Tree Fruit Team Outreach

Team accomplishment report for 2017.
Tree Fruit Team Outreach - Articles
Tree Fruit Team Outreach

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Increasing Environmental, Economic and Social Sustainability

The multi-disciplinary tree fruit team works with stakeholder advisors to implement research based programs to ensure a production-to-consumer system that is environmentally, economically and socially sustainable.

Focus on Industry Priorities

  • Advanced Integrated Crop and Pest Management
  • Innovative Technologies
  • Next Generation Growers from Diverse Backgrounds

Adoption of Sustainable Practices and Technologies

Tree fruit producers representing over 20,000 acres of orchards told us in post-program surveys how their interaction with Extension impacts their operations.

  • 99%, 97%, and 85% indicated their management of diseases, insects/mites and crop load, respectively, improved as a result of extension meetings, newsletters, and/or pest alerts
  • Growers estimated the economic impact to be $120, $130, and $170 per acre for improved management of diseases, insects and mites, and crop load, respectively
  • 49% planned to adopt a new disease management strategy; 41%, a new weed management practice; 52%, a new insect management strategy; 47%, a measure to better comply with the new worker protection standard
  • 100% of young and 100% of Latino growers indicated that Extension’s interactive, bilingual training on orchard scouting will help them apply a new integrated fruit production strategy on their farm
  • 97% of young grower participants told us they feel better equipped to contribute as Next Generation members of the fruit industry as a result of YGA educational programming; they estimated the annual value of YGA non-credit extension courses to be $900 per participant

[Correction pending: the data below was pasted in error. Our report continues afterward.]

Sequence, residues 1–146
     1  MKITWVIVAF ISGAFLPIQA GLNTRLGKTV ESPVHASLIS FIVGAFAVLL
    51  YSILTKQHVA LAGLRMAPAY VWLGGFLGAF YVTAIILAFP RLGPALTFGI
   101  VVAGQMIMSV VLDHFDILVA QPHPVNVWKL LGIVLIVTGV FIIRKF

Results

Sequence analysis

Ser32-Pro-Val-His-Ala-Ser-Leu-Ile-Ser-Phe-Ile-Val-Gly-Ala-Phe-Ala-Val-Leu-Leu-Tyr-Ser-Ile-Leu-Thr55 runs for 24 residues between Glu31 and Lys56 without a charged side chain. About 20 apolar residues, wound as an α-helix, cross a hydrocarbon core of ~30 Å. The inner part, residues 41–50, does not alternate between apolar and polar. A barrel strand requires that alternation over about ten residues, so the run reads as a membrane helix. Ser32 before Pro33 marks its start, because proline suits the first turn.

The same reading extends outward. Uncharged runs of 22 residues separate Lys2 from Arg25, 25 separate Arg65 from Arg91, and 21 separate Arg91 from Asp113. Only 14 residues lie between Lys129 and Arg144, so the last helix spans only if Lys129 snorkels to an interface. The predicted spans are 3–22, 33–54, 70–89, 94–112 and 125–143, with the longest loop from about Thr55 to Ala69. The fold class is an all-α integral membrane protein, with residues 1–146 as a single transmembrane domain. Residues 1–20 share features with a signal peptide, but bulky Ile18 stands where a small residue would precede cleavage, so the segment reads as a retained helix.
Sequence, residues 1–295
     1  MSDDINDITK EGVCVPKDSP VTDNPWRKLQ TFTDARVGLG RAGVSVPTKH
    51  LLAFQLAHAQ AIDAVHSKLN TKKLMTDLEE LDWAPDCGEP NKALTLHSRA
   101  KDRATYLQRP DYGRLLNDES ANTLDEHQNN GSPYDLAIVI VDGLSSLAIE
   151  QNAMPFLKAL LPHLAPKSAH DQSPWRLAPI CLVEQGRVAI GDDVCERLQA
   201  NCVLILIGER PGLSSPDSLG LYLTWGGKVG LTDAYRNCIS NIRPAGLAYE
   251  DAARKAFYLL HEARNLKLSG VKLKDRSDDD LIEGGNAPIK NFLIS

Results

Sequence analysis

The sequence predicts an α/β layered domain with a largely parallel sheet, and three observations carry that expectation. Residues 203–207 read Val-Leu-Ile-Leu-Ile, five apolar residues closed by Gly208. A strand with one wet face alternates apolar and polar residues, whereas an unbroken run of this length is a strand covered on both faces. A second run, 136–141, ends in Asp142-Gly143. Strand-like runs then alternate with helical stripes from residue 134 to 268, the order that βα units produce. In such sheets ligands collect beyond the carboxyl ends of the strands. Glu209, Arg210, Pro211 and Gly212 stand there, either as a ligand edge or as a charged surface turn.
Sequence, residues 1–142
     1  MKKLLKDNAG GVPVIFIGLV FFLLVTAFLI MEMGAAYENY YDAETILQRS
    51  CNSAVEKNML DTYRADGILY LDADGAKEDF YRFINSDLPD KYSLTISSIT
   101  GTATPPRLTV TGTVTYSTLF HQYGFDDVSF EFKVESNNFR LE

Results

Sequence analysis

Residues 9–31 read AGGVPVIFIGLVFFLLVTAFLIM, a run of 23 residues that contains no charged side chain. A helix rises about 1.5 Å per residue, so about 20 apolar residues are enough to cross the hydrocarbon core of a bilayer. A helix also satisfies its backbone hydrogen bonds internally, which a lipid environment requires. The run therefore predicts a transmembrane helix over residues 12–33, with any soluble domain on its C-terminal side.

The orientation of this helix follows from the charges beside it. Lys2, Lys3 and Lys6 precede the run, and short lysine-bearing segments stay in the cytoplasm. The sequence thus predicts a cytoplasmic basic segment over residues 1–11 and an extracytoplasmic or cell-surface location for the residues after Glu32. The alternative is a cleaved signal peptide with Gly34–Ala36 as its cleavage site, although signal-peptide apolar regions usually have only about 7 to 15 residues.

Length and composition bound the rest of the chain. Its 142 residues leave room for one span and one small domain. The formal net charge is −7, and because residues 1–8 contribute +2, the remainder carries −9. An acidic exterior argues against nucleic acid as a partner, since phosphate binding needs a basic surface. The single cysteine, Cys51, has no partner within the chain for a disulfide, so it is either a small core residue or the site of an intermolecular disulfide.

Regional and National Leadership

Extensive monitoring programs developed by Penn State entomologists allow growers to eliminate at least 50% of direct BMSB treatments. In 2017, the attract and kill method in the form of "ghost traps" was utilized in commercial orchards with very promising results.

Engineering Solutions for Specialty Crops

Innovations supported by USDA NIFA, PDA and Penn State innovation grants include:

  • pruning aids and sensors for future pruning automation
  • technologies to increase harvest efficiency

Robotic pruning investigations have led to the development of sequential, simplified rules and a pocket guide that growers can apply now to increase efficiency of pruning. Growers said use of the sequential pruning techniques would likely cut pruning time by 42% - an estimated savings of $136 per acre. Harvest efficiency is increased by 30% with harvest-assist systems matched to “fruiting wall” orchard production systems.

Economic Impacts of Extension Outreach and Applied Research

  1. More efficient use of streptomycin for fire blight control, a potential savings of $500 to $20,000/year, depending on size of the enterprise
  2. Savings of $90/acre on peaches and $120/acre on apples due to IPM scouting-based programs for BMSB
  3. Increased biological mite control which saves $1 million/year in miticide costs and reduces the potential for chemical resistance
  4. Increased precision management, with 80% of new orchards now planted on dwarfing rootstocks that increase net cumulative returns by $20,000/acre
  5. Improved labor efficiency, resulting in net returns of $200 to $1200 per acre
  6. Improved Honeycrisp management, resulting in a potential increase of $1800 per acre

Bilingual Courses for a Next Generation of Horticulturists

Bilingual certificate short courses were offered for growers with potential interest in becoming specialized managers or start-up farmers:

  • 84% improved integrated pest management scouting for insects and diseasesand weeds
  • 80% plan to adopt new practices to prevent farm accidents
  • 74% improved pruning and crop load management skills

Extension Tree Fruit Team Members

Co-Chairs: Tara Baugher, Rob Crassweller; Members: David Biddinger, Tim Elkner, John Esslinger, Montserrat Fonseca Estrada, Tom Ford, Greg Krawczyk, Long He, Rich Marini, Andy Muza, Kari Peter, Bob Pollock, Jim Schupp, Don Seifrit; Affiliates: Tanner Delvalle, Kathy Demchak, Jayson Harper, Paul Heinemann, Lynn Kime, Luke LaBorde, Dana Choi, Lee Stivers; Program Director: Mike Masiuk

Authors

Tree Fruit Cultural Practices and Production Systems Sustainable Specialty Crop Production Support for Next Generation Farmers from Diverse Backgrounds

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